The Interagency Challenges of Hypersonic Strike Weapons
by Richard C. Robbins
Years in the future, when historians reflect upon the early twenty-first century reemergence of great power competition, they will likely speak of hypersonic weapons as the novel technology that most transformed the nature of warfare and deterrence. Among the new technologies that are transforming warfare, including cyber warfare, engineered biological agents, laser weaponry, and robotics, hypersonic strike weapons (HSW) are the most coveted of emerging offensive capabilities and chief among challenges to U.S. strategic interests. While HSW technology development and prototype demonstrations have been ongoing for the better part of a decade, historians may remember 2018 as the year that great power ambitions to acquire and field HSW capabilities came into full public view. This article first describes the characteristics and features that distinguish HSW from modern, precision-guided strike weapons and then outlines the associated benefits, issues, and risks that HSW present to the U.S. and its allies. Summarizing the recent history and current status of U.S., Chinese, and Russian HSW programs, it then explores the strategic implications of this technology to missile defenses, projection of conventional military power, regional deterrence, future proliferation security, and the stability of nuclear deterrence. Throughout, this article contends that the introduction of HSW within an emerging world order that requires the U.S. to hold in check the revisionist ambitions of both China and Russia requires thoughtful planning, adjustments, and coordination across the interagency to preserve a coherent, national security strategy.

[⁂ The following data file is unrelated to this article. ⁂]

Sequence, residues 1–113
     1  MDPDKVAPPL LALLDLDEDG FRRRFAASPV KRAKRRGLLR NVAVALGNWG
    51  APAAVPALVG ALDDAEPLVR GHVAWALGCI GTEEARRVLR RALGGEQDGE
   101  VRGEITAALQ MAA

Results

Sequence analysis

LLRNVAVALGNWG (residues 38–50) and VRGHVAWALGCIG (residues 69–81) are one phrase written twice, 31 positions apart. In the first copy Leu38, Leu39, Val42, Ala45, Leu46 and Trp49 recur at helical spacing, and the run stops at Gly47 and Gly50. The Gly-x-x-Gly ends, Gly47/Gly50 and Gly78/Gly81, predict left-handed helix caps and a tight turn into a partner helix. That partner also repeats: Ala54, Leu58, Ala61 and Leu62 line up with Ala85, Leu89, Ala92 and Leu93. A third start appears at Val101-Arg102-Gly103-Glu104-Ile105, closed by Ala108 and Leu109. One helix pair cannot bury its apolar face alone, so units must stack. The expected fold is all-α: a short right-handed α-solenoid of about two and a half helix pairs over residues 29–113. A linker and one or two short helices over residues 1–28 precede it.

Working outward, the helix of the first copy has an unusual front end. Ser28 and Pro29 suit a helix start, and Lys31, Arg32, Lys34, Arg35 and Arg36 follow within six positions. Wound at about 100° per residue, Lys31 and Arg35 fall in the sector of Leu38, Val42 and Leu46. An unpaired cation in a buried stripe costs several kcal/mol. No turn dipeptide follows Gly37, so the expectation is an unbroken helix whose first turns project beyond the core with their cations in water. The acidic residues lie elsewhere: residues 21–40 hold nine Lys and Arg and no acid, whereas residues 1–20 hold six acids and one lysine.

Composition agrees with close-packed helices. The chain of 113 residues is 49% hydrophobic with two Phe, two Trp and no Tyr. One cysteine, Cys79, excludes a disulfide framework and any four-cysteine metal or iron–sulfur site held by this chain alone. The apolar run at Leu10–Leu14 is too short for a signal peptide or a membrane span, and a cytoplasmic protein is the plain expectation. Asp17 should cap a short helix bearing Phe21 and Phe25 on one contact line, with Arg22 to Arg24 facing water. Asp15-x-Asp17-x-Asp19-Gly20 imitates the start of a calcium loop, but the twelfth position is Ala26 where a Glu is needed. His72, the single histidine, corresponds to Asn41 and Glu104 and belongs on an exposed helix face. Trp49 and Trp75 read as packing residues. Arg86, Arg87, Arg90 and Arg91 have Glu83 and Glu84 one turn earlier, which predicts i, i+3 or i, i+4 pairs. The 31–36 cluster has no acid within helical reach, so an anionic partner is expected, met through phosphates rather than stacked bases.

Until recently, analysts compared the emergence of HSW to that of stealth technology and precision-guided strike weaponry in the 1980s. While the contemporary maxim “speed is the new stealth” remains appropriate in certain respects, analysts are now recognizing that the confluence of technologies that comprise HSW will yield capabilities holding far more significance…
Read the full article
Download the complete edition
|About the Author: Richard C. Robbins (Commander, U.S. Navy, Ret.) is the Acquisition Manager for the Expeditionary Missions Program Office (PMS 408) at Naval Sea Systems Command. He received a M.S. in WMD Studies as a National Defense University Countering WMD Graduate Fellow.|